Left: Whole window. Right: Closer view of the main figures.

The Nativity, the west window of St Peter's, Hinton Road, Bournemouth. Designed by Clayton and Bell and installed in 1880, this four-light window is in memory of Rosimira Lancaster (see Eberhard).

The tracery lights, with the Virgin Mary at the top.

As an Anglo-Catholic, the Reverend Bennett, who drove forward the building of this church and was a powerful force for Anglo-Catholicism in Bournemouth, was criticised by some for his leaning towards Catholicism. It was fitting, then, that this window should focus on Mary and the birth of Jesus. The four lower scenes are of the Annunciation, Mary's visit to her cousin Elizabeth, the angels bringing glad tidings to the shepherds, and the flight into Egypt. Above these separate scenes is one panoramic one, of the Magi on the left, bringing their offerings to the infant Jesus in the stable, with the family group in the middle (Mary being watched over by an angel, and a lamb lying in front of an ox), and the shepherds on the right. Underneath this larger scene runs the text, "And the Gentiles shall come to thy light, and kings to the brightness of thy rising" (Isaiah 60,3).

With its natural background of trees, this fine window is also a key one in the church because it shows the beginning of the mortal life of Jesus — the phase that ended with the crucifixion shown in the same firm's east window over the High Altar.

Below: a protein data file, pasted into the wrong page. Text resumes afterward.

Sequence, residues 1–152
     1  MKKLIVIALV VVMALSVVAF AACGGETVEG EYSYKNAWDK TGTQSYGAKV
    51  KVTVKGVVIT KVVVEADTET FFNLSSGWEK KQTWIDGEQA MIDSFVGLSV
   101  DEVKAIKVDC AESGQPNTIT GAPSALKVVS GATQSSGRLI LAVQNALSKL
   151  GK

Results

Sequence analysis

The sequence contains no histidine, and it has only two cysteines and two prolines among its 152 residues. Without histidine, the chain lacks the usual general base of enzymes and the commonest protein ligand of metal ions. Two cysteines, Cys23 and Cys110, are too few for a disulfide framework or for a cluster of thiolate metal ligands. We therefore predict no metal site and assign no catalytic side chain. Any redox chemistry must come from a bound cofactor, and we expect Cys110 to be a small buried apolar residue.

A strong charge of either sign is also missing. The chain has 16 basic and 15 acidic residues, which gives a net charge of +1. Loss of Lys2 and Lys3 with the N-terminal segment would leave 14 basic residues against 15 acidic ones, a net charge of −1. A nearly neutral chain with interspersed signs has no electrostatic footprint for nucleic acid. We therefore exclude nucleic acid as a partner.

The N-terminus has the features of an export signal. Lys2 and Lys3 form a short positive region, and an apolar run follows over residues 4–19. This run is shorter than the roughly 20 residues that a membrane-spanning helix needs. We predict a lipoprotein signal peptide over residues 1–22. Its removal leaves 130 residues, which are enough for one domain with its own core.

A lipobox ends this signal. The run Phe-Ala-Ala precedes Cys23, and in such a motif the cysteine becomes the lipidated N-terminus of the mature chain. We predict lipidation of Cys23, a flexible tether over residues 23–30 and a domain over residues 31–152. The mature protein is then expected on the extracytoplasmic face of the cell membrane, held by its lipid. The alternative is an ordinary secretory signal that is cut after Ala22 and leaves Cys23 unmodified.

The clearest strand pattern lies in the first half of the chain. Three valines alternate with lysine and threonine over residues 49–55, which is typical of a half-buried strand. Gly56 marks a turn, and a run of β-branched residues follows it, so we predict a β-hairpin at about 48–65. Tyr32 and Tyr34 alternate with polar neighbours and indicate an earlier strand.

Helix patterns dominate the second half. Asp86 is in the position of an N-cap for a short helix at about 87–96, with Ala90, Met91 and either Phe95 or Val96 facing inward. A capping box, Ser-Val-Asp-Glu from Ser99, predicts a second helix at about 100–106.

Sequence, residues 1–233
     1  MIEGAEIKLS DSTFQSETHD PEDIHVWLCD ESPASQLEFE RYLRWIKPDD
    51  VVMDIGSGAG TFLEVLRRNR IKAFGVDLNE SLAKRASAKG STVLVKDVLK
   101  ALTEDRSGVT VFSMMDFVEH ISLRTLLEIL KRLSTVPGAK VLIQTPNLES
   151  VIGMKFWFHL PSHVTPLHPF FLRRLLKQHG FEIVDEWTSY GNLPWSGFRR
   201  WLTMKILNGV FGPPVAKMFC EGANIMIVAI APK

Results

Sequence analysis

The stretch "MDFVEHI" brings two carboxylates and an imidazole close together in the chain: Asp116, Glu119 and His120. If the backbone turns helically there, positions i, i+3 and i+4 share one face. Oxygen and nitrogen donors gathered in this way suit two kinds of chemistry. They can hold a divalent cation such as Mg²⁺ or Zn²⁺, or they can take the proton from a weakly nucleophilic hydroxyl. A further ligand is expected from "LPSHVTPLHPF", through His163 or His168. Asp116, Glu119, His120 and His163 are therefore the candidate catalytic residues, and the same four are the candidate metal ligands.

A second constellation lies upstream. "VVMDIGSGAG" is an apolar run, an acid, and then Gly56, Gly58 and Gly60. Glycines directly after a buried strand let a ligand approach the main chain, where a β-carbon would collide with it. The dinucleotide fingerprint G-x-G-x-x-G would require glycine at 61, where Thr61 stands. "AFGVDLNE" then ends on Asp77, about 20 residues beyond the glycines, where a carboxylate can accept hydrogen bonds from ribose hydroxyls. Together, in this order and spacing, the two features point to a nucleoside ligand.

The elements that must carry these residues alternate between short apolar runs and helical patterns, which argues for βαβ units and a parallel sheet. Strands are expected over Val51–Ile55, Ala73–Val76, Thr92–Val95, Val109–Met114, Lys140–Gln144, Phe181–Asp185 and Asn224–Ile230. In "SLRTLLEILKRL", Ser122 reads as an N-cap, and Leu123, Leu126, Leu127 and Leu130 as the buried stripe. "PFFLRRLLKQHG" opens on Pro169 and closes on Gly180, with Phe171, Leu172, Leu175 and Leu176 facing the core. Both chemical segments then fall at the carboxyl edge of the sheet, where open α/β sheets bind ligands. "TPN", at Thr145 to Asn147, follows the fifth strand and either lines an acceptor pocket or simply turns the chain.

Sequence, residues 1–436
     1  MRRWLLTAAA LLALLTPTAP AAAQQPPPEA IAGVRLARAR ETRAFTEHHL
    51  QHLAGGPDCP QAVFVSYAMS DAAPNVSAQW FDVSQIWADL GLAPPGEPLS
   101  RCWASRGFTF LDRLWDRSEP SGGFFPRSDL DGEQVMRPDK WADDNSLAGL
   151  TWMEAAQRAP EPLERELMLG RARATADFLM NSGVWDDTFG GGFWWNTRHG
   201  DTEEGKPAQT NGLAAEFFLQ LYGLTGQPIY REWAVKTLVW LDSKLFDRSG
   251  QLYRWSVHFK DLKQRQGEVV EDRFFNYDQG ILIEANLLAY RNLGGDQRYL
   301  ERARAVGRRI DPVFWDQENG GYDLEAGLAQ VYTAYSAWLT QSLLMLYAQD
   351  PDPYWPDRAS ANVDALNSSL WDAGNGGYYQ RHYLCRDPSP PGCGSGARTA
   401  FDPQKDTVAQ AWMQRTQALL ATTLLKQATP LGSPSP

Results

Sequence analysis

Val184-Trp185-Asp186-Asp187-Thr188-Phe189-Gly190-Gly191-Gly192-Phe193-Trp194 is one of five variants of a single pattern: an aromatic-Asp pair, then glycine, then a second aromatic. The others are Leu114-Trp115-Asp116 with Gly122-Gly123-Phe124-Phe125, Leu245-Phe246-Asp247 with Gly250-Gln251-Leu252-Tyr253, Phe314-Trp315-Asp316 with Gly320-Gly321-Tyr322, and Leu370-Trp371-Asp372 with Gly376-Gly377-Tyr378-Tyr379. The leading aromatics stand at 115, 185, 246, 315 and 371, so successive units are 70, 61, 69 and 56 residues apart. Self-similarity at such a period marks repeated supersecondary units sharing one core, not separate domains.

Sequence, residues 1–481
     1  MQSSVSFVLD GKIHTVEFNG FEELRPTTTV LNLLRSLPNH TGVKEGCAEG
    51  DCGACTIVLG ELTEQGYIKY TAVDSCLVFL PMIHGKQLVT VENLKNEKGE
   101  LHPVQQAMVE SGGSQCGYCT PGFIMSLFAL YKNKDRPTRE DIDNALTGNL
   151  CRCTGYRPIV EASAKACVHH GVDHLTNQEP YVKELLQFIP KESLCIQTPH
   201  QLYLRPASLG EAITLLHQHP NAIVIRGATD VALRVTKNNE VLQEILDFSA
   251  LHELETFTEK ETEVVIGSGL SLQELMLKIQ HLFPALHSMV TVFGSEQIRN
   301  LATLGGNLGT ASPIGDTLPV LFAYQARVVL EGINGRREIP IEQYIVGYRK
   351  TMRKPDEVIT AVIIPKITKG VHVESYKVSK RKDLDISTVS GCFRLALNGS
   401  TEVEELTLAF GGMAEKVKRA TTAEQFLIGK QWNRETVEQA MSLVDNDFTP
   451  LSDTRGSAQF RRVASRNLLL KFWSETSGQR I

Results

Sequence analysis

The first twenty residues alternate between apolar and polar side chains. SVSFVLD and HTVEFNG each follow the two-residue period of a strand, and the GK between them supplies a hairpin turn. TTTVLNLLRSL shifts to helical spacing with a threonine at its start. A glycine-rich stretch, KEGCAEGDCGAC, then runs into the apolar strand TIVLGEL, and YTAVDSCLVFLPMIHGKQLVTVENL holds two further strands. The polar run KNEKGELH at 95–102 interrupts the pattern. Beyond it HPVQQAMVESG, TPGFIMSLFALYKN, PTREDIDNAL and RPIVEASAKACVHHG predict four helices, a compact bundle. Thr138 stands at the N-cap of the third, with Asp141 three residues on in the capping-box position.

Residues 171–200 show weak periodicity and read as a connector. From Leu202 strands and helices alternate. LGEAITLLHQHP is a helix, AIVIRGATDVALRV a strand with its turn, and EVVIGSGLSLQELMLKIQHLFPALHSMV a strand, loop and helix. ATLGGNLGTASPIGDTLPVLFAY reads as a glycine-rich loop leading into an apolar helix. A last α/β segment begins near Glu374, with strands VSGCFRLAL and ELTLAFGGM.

This nativity scene is more conventional than the later one by Percy Bacon Bros. in the south-west transept. Comparing the two suggests the direction in which stained glass was moving under the influence of the Arts and Crafts Movement, towards bringing out the potential of the materials themselves, and capitalising on their interaction — the treatment of the glass, its thickness and texture (Christopher Whall speaks of "the special beauties of texture," 179), the subtleties of shading, the play of the lines across the glass, the creation of a sense of depth. Without detracting from this window, we can still recognise that the later one has a greater dynamism.

Related Material

Photographs by John Salmon, text and formatting by Jacqueline Banerjee. You may use the images without prior permission for any scholarly or educational purpose as long as you (1) credit John Salmon and (2) link your document to this URL in a web document or cite the Victorian Web in a print one. Click on the images to enlarge them.


Eberhard, Robert. "Stained Glass Windows at St Peter, Bournemouth" (recorded by Brian Woodruffe). Church Stained Glass Windows. Web. 5 May 2020.

Whall, C.W. Stained Glass Work: A Textbook for Students and Workers in Glass. London: Sir Isaac Pitman & Sons, Ltd, 1920 [1st ed. 1905]. Internet Archive. Web. 5 May 2020.

Created 4 May 2020